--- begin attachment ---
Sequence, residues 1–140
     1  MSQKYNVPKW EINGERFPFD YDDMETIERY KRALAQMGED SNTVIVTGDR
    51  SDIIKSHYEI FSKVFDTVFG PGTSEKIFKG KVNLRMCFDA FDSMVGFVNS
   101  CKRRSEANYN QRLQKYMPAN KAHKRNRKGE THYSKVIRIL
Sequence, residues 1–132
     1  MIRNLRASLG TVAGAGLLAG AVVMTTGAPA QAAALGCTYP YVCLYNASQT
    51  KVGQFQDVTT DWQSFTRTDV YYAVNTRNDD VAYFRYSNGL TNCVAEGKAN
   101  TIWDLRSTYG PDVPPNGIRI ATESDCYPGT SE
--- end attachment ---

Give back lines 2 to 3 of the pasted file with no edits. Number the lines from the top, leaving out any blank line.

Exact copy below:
     1  MSQKYNVPKW EINGERFPFD YDDMETIERY KRALAQMGED SNTVIVTGDR
    51  SDIIKSHYEI FSKVFDTVFG PGTSEKIFKG KVNLRMCFDA FDSMVGFVNS